Live Workshop – Beauty Lighting Techniques

Beauty images traditionally make use of hard lighting, but it can be tricky controlling shadows, textures and contrast to ensure minimal imperfections in the image.

In just two hours Karl covers all you need to know about beauty lighting — from makeup requirements to lighting angles and post production requirements — and shows you how to achieve a great beauty portrait using just three lights.

He clearly explains what modifiers are best to use, how to use them, how to reveal texture (and how much to reveal) and how directional light can have a great impact.

He also demonstrates a number of alternative lighting settings, explaining how just minor adjustments in lighting can make a difference and why it’s important to understand the inverse square law in order to achieve the best possible results.

This is an information packed show that will change the way you understand both beauty images and hard light.


In this live photography workshop we cover the following:

More in-depth information on many of the topics covered in this live show can be found in our Portrait section. There is also a useful guide to parabolic reflectors and their effects in our blog.

If you have any question about this photography workshop, post them in the comments box below.

Comments

  1. hello karl i want to know as we know that the different light modifiers make different effect on the skin, but here i confused with bare bulb and the inside fash tube fire from the light make same highlights on the skin? Because the shape of bare bulb is different and the flash tube is different shape, as if we shoot on modelling lamp or strobe flash is make same highlight effect ?

  2. thank you for so much detail, i enjoy the show. hope you and your family also your team have a great amas & new year .looking forward to next live show

  3. This live show really helped me understand which lights and modifiers are better suited for different situations and more importantly… why those choices. Thank you Karl and team! 👍

      1. I usually have my meter on the table next to me when I’m watching you climb around changing your power settings. If you say something rather nasty about meters, mine will turn itself on – display the letters “Karl Taylor” and start flashing E R R O R. After about 4 seconds it shuts itself off. Odd behavior from such a usually nice meter. 🙂

  4. Hi Karl,

    When you introduce a second point light source you mentioned that you will also be introducing a second set of shadows, say for instance you have one light on one side and one light on the other side of a model. With my current understanding of light so far, is this only relevant if the side of the light fall off is darker than the light source that is being introduced to it? I don’t understand. I think of this in my portraits sometimes when introducing a fill light on the opposite side of the main light with the concern I may see a second shadow but I have not noticed an issue…yet! But I have come unstuck once with double shadows in a large group shot when I used two flash guns placed on either side of the group, which as you explain would be small point light sources. Is this only because they were creating hard light being small light sources? And am I correct in understanding that with a softbox or large light source, cross shadows or directional shadows are dramatically reduced and therefore not a problem when introducing lights on opposing sides for portraits. Sorry for the long question.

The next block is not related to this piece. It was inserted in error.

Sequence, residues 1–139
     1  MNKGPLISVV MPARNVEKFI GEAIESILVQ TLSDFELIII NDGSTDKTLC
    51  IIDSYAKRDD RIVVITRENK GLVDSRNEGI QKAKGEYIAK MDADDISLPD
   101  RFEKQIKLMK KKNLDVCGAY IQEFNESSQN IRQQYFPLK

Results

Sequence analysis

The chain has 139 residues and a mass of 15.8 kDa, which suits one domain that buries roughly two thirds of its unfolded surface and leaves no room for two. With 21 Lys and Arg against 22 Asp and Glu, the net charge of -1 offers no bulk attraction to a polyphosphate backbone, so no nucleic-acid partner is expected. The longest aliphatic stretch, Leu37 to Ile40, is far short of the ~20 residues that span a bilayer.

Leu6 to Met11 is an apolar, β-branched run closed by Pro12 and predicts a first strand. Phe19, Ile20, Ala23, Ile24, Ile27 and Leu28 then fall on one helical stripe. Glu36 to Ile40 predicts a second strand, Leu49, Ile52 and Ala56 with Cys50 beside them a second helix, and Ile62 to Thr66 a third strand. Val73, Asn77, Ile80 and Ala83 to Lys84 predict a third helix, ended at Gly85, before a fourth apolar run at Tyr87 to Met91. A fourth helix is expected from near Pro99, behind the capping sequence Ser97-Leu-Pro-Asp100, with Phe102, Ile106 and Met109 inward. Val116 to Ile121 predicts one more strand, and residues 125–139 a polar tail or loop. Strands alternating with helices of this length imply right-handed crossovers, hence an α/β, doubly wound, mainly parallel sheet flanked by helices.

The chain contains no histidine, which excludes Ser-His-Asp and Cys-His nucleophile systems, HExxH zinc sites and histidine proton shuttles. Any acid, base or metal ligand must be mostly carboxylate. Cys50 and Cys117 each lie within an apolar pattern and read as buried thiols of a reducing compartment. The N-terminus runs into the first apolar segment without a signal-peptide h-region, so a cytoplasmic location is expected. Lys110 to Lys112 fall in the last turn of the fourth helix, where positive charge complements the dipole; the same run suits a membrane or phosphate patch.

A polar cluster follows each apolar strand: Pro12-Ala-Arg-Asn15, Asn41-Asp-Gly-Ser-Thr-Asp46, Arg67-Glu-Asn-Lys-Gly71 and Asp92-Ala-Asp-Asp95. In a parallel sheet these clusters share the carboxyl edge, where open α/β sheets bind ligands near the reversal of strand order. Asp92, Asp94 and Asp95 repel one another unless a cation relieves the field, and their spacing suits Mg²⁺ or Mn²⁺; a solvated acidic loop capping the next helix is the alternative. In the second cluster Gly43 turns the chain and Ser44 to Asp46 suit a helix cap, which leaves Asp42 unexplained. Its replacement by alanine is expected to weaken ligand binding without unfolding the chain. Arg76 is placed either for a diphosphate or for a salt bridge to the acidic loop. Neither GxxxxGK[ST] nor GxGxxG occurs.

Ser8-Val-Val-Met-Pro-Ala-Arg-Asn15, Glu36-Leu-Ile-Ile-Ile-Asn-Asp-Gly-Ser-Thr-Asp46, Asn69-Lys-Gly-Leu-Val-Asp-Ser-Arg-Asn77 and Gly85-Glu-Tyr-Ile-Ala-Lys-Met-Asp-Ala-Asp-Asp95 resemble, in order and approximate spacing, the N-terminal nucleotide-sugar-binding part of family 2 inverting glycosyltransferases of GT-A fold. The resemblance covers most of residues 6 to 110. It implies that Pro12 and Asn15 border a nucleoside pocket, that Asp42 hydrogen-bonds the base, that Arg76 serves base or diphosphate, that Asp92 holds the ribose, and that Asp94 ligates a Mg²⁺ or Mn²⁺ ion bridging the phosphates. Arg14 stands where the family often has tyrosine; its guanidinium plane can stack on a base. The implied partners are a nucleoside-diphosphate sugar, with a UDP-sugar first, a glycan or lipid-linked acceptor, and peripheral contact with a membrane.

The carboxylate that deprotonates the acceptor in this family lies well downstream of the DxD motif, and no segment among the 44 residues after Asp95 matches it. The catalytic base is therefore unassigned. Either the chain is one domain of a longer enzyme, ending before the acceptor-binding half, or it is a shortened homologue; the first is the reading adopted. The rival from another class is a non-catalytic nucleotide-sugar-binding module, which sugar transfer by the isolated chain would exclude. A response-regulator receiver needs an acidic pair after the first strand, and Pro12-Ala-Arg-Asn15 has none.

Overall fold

Kind regards

    James

    1. Hi James, you are correct in that the apparent size of the light from the subjects perspective is important with regards the type of shadow. So an ant photographed with a speedlite very close to it would an apparently large light from the ants perspective and it would be soft light on the ant as the light would be wrapping all around it. If it was far away this would not be the case and the same goes for any light that we use with any subject, it is the apparent size to the subject that is important. The biggest light source in our solar system is the sun, we know the sun is huge, but it is so far away that it is apparently small and will therefore cast a shadow (even for an ant). Of course if it is overcast then we create a large apparent light source like a giant softbox close to our subject and then very little shadow. So that’s the first thing to understand about shadows. The second point relates to the strength of the second or third light and their spread, if the second light is very weak compared to the first light then it will have minimal shadows because the first light from the opposite angle will be putting light into any shadows and therefore making them indiscernable. Watch the recent live show on the Handbag shoot which will give you some great ideas for shadow control and global illumination. Cheers Karl.

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